4. INITIATION PHASE: Here you find yourself on the road of trials.  You will be severely tested, challenged, knocked down, insulted and robbed.  But don’t give up!  You are coming up on the …
  5. TURNING POINT: The balance of power has shifted.  For every punch they throw, you throw a counter-punch.  Only now, for the first time, your counter-punch is mightier.
  6. VISION PHASE: The battle for what you want rages on.  From the tears and the sweat and the cloud of dust is shaping a vision of your solution.  It’s like seeing daybreak through swollen eyes.  Your future is there — better than you imagined it.  With a loud cry, you lunge for it.
  7. BREAK-THROUGH POINT: Cradling your greatest treasure to your belly, you take the ultimate risk.  You sacrifice yourself.  You give it up and let go — tumbling headlong into the wonder of it all.
  8. REWARD PHASE: And you land on the feather bed of your reward.  The problem is solved.  You got what you wanted.  The pain has turned to luxurious pleasure.  What felt like an ordeal now looks perfectly natural and necessary.  You’re even glad you had to go through it.

The Getting Wheel keeps turning.  In life, no sooner do we reach one goal, up pops another.  That’s why getting what you want is a simple matter of following a process — nothing really changes.  No need to reinvent the wheel.

(Read more blog posts below.)

Platform agnostic (the cathedral)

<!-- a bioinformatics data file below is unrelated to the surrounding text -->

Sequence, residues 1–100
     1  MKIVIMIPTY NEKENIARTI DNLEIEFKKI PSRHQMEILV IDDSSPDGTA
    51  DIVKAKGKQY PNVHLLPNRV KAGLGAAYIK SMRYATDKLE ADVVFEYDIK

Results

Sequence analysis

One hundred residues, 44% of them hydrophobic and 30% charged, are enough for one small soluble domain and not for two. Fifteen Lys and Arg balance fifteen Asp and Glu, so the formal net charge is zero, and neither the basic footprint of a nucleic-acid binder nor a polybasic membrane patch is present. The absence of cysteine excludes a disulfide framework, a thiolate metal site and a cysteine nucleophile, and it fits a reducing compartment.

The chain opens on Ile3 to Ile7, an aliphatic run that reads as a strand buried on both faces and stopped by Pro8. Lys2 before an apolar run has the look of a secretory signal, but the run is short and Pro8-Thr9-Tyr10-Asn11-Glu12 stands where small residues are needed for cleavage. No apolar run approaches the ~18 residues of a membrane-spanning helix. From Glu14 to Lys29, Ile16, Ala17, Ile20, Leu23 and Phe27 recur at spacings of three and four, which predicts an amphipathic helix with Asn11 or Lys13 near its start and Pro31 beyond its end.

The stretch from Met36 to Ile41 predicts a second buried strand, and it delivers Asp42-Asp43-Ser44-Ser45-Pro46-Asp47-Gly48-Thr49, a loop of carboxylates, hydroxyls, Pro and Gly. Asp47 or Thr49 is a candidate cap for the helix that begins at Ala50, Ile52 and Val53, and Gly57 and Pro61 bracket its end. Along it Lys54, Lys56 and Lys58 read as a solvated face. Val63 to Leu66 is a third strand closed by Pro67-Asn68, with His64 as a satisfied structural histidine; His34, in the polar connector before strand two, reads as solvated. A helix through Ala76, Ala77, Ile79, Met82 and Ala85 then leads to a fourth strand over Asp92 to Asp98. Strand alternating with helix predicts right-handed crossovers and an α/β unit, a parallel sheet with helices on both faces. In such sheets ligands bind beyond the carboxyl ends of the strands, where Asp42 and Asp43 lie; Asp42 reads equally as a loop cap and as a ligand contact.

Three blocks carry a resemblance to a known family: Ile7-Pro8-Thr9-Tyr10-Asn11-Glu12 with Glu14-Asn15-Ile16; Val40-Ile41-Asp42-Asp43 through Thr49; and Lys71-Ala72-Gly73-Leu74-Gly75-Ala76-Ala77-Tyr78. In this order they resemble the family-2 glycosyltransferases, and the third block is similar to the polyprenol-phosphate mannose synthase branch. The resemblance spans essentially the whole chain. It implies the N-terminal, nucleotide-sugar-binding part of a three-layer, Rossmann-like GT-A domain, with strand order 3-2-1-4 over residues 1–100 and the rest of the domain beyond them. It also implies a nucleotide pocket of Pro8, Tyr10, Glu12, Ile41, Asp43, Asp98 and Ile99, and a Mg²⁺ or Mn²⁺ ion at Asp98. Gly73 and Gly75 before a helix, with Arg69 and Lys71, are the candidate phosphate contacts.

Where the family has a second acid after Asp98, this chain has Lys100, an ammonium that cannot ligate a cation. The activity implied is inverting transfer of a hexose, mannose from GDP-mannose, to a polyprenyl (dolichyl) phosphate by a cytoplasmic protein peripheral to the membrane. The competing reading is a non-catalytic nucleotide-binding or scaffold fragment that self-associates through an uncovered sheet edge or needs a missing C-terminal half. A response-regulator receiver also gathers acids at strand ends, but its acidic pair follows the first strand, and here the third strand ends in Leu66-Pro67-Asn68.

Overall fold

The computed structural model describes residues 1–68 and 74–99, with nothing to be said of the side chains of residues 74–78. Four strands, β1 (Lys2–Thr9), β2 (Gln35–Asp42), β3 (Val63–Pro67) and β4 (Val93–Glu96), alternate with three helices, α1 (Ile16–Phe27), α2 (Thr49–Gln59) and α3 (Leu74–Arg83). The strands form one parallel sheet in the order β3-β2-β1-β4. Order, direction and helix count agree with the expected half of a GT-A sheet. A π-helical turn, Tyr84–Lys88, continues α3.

September 7, 2009

Once upon a time, a long time ago, a traveler came to Baltimore to visit the Digital Harbor.  There, in the renovated sweatshops and warehouses along the water, he observed hundreds of software engineers hunched over their keyboards, pecking away incessantly.  To him it looked like soulless work.  He pitied them.

Interrupting one worker, he said, “Isn’t it boring, writing lines of programming code all day?”

The programmer looked up and said, “Writing code?  I’m not writing code.  I’m building a cathedral.”

cathedral in milan

(Read more blog entries below.)

The art of the foul-up

August 30, 2009

Robroy’s game is helping business owners and CEOs grow their companies.  That puts him in position to see really smart job applicants ruin their employment opportunities in really stupid ways every day.

Here’s how it usually plays out.  At the end of the interview, we tell them the next steps: We’ll finish our first round of interviews, and then, if everyone is still interested, we’ll all get back together for a second interview.

Then we wait.  We want to see one thing.  Will they follow up?

Most don’t.  In fact, even though they tell us they are passionate about building relationships, very few will do us the courtesy of sending a message or calling to say, ‘thank you for your time’ or ‘I enjoyed learning about the opportunity’ or ‘looking forward to our next conversation.’

Why not?  Laziness?  Ignorance?  They don’t care?  Shoes two sizes too small?

chicken jpeg

Whatever the reason, in this economy, who can afford the foul-up?

(Read more blog entries below.)


May 4, 2009

Most men in their 40s have no idea how close they are to losing their wives.

In their 30s, the wife was the one at risk.  She had to worry every time he went on a business trip.  But now it’s the husband’s turn.  He is fat, gray and balding – while she is still curvy, dark haired and hot-blooded.  He is looking for the sports.  She is looking for the action.  He’s thinking, “What’s for dinner?”  She’s thinking, “Why should I wait 15 years to divorce him, when I can do it now, while I’m still young and beautiful?”